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Big changes coming to Chrome may kill ad blockers

Google Chrome
(Image credit: Anadolu Agency (Getty Images))

In a recent blog post, Chrome extensions and web store product manager David Li announced that extensions to Google's browser built using the Manifest V2 specification will no longer be accepted on the web store as of January 17, 2022. Furthermore, Manifest V2 extensions will be disabled altogether in January 2023, so any that you have installed will no longer function.

"Years in the making, Manifest V3 is more secure, performant, and privacy-preserving than its predecessor," Li wrote. "It is an evolution of the extension platform that takes into consideration both the changing web landscape and the future of browser extensions."

It's also a big deal for a very different, and for many Chrome users much more practical, reason: As TechRadar explains, the loss of Manifest V2 means that the ad blockers many Chrome users have grown used to having around will no longer work. Manifest V3 deprecates a particular API that current ad blockers use to do their thing, and there's debate over whether new ad blockers can or will be built using the new Manifest V3 specification.

Google said in a 2019 Chromium blog post that disabling ad blockers is "absolutely not the goal" of the new spec. "In fact, this change is meant to give developers a way to create safer and more performant ad blockers," Chrome extensions developer advocate Simeon Vincent wrote at the time.

In a 2018 SEC filing, however, Google parent company Alphabet explicitly warned that ad blocking technology, both existing and new, have the potential to harm its business.

"Technologies have been developed to make customizable ads more difficult or to block the display of ads altogether and some providers of online services have integrated technologies that could potentially impair the core functionality of third-party digital advertising," the filing states. "Most of our Google revenues are derived from fees paid to us in connection with the display of ads online. As a result, such technologies and tools could adversely affect our operating results."

The Electronic Frontier Foundation also took issue with Google's claims, saying in a 2019 statement that while the Manifest V3 standard may not be aimed at killing ad blockers specifically, it could easily happen as a side effect of limits the new API will put on developers.

"For developers of ad- and tracker-blocking extensions, flexible APIs aren’t just nice to have, they are a requirement," the EFF wrote. "When particular privacy protections gain popularity, ads and trackers evolve to evade them. As a result, the blocking extensions need to evolve too, or risk becoming irrelevant ... If Google decides that privacy extensions can only work in one specific way, it will be permanently tipping the scales in favor of ads and trackers."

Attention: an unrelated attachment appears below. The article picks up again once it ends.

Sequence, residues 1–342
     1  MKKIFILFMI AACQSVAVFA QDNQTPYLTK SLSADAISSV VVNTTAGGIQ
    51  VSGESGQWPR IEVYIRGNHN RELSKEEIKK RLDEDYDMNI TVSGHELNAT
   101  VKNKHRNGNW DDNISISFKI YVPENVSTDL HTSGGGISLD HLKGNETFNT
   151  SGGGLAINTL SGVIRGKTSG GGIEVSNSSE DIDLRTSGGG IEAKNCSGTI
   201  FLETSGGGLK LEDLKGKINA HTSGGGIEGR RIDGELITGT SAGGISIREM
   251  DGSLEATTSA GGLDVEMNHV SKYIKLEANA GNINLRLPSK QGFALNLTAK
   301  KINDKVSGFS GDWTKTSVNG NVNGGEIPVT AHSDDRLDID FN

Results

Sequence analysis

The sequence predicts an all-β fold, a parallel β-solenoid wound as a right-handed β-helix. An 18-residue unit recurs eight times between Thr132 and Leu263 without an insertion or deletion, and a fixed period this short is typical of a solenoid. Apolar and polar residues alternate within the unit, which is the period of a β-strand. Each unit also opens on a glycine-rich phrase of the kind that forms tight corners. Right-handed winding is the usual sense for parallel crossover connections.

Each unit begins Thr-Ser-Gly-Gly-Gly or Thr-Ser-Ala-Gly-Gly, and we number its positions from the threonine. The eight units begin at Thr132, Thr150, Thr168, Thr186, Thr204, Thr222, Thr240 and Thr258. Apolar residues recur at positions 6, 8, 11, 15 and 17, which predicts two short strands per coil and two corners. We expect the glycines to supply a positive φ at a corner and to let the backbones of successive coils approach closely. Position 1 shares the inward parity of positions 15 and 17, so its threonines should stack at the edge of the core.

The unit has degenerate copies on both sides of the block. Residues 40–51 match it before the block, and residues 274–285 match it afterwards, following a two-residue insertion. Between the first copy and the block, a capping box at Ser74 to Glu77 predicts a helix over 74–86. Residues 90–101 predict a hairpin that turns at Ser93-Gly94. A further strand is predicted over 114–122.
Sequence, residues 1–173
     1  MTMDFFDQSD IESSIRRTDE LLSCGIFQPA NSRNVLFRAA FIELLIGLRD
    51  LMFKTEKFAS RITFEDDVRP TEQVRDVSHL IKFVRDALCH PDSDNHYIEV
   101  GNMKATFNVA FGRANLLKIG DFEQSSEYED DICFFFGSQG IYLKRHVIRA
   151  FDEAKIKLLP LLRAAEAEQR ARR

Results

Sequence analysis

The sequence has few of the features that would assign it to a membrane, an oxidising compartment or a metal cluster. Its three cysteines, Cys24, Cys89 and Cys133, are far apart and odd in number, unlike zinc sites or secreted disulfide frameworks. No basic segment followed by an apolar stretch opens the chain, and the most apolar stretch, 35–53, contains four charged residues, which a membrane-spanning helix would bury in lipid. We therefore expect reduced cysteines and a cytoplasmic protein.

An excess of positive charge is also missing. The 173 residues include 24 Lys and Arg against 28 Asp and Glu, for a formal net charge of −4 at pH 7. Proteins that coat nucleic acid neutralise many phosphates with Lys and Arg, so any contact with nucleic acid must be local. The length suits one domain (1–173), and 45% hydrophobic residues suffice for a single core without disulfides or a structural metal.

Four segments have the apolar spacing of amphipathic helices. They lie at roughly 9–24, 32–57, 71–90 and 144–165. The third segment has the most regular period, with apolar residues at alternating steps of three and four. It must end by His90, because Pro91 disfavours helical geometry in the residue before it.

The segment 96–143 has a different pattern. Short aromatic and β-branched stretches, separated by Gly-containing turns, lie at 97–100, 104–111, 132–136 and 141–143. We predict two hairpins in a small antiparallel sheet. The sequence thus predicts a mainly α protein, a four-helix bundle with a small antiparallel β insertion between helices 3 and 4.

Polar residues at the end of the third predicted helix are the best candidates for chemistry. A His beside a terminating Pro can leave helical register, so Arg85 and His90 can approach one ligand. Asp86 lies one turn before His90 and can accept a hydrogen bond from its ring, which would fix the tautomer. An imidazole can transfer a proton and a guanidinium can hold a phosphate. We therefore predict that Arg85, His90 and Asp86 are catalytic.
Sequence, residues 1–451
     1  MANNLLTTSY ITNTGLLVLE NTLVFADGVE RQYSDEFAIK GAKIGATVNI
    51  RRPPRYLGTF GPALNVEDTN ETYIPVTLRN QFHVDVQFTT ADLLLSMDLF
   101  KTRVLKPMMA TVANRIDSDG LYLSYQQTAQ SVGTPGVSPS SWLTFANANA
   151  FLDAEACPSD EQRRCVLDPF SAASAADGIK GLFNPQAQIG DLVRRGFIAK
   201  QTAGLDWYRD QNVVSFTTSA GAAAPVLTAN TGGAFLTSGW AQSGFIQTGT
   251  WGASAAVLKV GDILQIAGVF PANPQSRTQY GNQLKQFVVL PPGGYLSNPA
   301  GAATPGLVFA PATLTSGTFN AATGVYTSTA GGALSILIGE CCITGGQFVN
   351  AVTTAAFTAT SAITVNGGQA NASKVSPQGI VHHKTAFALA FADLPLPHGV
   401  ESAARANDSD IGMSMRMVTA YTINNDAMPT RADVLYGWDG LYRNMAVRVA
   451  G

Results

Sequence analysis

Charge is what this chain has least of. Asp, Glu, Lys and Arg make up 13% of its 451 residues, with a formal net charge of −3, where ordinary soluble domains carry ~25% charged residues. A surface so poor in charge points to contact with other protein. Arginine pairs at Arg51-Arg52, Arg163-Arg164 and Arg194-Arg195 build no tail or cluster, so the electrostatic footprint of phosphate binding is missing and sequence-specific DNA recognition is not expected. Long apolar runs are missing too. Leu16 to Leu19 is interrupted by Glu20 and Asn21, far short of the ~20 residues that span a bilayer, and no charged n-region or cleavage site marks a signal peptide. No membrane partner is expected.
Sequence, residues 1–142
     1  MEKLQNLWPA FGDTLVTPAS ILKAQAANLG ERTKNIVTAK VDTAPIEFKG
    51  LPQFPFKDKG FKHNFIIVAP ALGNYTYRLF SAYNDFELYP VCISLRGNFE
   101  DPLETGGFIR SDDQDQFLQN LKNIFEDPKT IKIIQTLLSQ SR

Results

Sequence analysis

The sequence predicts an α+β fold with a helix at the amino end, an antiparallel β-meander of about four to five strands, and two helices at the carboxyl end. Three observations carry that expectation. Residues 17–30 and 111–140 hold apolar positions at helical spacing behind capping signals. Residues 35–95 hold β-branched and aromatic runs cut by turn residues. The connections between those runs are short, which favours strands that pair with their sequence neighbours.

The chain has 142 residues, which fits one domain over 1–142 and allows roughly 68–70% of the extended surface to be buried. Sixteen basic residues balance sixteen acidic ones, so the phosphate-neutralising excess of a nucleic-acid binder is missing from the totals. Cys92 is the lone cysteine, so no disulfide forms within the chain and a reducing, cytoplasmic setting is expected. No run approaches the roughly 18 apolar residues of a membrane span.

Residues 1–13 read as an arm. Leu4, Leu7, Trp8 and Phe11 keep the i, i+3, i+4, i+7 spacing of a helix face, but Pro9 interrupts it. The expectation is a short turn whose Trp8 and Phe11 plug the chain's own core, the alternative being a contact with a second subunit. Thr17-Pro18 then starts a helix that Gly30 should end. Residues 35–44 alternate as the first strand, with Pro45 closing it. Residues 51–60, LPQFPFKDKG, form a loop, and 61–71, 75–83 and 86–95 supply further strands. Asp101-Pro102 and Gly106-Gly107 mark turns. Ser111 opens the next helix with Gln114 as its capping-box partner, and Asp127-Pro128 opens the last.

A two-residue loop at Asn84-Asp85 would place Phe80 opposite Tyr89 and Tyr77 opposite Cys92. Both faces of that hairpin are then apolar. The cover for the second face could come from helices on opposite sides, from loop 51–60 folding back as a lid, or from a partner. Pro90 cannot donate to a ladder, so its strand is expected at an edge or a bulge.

Senior staff technologist Alexei Miagkov, who co-authored that post, told The Register that the EFF's position on the new Manifest V3 standard, and Google's justification for it, hasn't changed. "Our criticism still stands," he said. "The reasons they have stated publicly [for this transition] don't fully make sense."

Google said that further details about the move to Manifest V3 in Chrome will be shared closer to the rollout date, and promised to continue adding new capabilities to it "based on the needs and voices of our developer community." A detailed timeline on the Manifest V2/V3 changeover is available on the Chrome Developers site.

Even if Google does kill off ad blockers as we know them in Chrome, extension devs will likely find workarounds to keep avoiding ads. And if they can't, well, a whole lot more people are going to start learning about Pi-holes.

Andy Chalk

Andy has been gaming on PCs from the very beginning, starting as a youngster with text adventures and primitive action games on a cassette-based TRS80. From there he graduated to the glory days of Sierra Online adventures and Microprose sims, ran a local BBS, learned how to build PCs, and developed a longstanding love of RPGs, immersive sims, and shooters. He began writing videogame news in 2007 for The Escapist and somehow managed to avoid getting fired until 2014, when he joined the storied ranks of PC Gamer. He covers all aspects of the industry, from new game announcements and patch notes to legal disputes, Twitch beefs, esports, and Henry Cavill. Lots of Henry Cavill.